My husband said to me, “Don’t worry, Donna, it is a good trap.”
The trap was in the back of the car, holding the fifth black squirrel we had captured this winter. The squirrel population in New York City has had a rough winter and brought their trouble straight to my small garden.
I know, people shouldn’t have gardens in New York City. Blame my parsonage. Moreover, people shouldn’t have squirrels digging out and eating all their perennials. Thus, we had to take emergency measures.
The Havahart trap is set with a peanut inside it. The squirrel goes for the peanut, saving the perennials. The trap shuts tight on the squirrel. Three neighbors phone animal protection services. Three other neighbors start singing songs of praise, loudly, as their small visible gardens and expensive perennials are also going the way of the peanut. We split the cost of the trap with those able to praise.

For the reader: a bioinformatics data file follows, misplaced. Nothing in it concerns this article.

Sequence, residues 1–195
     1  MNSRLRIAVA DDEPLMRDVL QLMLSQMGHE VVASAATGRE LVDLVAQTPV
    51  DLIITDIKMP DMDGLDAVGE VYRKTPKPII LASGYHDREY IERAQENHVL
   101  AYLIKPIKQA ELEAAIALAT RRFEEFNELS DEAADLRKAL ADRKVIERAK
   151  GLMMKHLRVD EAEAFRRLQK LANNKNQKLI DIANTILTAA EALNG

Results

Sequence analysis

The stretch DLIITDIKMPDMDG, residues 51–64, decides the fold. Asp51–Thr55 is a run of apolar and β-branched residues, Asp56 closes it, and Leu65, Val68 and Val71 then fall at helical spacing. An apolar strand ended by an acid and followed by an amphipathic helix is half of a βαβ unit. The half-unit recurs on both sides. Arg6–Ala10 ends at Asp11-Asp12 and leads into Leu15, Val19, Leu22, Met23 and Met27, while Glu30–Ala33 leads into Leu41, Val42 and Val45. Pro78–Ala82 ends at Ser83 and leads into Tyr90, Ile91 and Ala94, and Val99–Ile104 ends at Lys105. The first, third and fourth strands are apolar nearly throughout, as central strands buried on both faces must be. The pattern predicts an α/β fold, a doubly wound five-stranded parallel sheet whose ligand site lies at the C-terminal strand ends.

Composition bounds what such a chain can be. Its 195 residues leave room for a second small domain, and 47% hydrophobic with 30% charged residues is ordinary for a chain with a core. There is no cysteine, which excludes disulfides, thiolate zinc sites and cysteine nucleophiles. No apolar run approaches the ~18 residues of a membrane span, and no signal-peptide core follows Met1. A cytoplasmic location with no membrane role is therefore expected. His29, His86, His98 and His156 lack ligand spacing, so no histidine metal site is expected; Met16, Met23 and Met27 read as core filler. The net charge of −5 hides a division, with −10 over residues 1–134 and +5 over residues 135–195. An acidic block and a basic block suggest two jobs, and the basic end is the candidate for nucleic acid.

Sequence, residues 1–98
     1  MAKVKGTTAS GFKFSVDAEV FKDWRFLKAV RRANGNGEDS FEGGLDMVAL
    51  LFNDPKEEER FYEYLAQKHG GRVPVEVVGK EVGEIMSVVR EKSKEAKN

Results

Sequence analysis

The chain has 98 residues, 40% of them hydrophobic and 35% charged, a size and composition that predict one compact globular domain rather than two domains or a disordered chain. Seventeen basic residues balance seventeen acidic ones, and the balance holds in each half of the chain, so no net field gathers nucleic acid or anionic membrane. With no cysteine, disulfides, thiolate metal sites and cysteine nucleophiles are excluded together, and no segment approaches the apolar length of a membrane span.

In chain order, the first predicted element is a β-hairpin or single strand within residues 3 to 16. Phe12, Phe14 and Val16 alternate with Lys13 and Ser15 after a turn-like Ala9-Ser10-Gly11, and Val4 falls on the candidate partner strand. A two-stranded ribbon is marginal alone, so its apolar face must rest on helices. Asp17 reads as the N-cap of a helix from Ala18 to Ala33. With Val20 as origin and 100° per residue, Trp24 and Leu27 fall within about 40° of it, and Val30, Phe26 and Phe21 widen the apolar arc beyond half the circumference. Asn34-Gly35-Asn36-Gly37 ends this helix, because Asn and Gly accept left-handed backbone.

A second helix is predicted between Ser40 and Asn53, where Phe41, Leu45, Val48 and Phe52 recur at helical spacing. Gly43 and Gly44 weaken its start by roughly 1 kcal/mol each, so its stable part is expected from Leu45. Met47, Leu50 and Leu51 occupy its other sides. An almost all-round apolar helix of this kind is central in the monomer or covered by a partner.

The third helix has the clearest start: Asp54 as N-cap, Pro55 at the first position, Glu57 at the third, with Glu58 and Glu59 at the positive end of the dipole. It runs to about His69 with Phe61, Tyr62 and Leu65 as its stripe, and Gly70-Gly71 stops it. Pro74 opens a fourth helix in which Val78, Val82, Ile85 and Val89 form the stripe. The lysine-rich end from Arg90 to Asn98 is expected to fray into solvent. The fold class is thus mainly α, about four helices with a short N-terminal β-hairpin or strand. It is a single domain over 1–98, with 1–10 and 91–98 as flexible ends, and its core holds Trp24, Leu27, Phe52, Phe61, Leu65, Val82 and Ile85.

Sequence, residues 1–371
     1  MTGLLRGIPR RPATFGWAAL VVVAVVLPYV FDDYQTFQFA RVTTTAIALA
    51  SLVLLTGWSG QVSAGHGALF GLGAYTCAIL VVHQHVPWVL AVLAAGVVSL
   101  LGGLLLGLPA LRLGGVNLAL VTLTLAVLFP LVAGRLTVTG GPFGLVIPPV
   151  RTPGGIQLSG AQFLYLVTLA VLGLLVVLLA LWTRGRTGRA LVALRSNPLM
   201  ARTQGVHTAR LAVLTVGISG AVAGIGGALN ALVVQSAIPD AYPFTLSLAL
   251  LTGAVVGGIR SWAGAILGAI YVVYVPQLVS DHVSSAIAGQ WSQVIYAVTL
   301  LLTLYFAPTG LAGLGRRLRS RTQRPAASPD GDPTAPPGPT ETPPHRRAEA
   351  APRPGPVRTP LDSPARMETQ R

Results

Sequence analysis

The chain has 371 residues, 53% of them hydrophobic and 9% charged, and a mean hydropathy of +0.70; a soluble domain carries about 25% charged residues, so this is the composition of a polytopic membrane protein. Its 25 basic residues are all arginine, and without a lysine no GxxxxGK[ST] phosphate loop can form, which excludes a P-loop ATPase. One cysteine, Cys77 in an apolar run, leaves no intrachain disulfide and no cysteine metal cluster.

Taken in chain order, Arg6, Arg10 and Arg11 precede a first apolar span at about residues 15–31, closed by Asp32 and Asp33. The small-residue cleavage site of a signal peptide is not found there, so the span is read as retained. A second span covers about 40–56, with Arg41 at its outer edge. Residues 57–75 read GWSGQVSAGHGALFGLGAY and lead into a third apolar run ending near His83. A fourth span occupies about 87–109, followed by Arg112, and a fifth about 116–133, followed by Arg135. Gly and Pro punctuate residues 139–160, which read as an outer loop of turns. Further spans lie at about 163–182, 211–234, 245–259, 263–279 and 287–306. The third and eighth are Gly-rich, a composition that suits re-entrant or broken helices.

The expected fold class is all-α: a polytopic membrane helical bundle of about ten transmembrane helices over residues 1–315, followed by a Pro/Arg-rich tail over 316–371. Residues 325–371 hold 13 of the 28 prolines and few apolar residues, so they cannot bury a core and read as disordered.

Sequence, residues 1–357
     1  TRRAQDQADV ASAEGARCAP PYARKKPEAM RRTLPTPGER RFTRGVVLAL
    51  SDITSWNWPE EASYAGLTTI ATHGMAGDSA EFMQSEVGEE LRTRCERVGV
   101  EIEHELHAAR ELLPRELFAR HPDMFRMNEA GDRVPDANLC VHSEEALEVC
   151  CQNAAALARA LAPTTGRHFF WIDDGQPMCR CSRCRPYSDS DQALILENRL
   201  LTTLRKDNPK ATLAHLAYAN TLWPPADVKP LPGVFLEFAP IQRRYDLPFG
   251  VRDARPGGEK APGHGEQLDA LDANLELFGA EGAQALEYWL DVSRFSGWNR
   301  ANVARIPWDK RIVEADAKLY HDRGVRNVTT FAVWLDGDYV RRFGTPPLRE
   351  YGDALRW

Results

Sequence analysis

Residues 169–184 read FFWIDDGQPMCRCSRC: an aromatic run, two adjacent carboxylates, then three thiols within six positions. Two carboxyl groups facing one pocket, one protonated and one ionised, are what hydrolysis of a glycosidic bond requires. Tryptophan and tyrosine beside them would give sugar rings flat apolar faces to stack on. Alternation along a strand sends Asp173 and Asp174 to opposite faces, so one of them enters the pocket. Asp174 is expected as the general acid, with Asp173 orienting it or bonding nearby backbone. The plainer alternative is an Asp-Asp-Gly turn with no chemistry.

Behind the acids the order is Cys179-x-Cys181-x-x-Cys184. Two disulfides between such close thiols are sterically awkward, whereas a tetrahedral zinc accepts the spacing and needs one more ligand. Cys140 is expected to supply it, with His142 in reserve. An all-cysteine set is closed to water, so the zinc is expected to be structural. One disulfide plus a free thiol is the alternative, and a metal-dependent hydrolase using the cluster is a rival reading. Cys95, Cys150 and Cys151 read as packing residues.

We drive the squirrel, who is weeping in anguish, to the East River, where we set it free. They only plant wild grasses along the East River -- not tulips or daffodils. But the squirrels don’t like grasses; they prefer baby lettuces, lavender and perennials.
Repeating this exercise five times has caused me consternation more than anguish.
You probably think this is an April Fools’ joke. It is not, unless you are a tree hugging squirrelist. Where I live, I will join my neighbors in praising the Lord for both the life of squirrels and their eradication.
When we find ourselves in a good trap, in one that causes us to compete with others, animal and human, assure us, Spirit of the Tame and the Wild, the Garden and the urban wilderness, that we are who we are and that you can still stand us. Amen.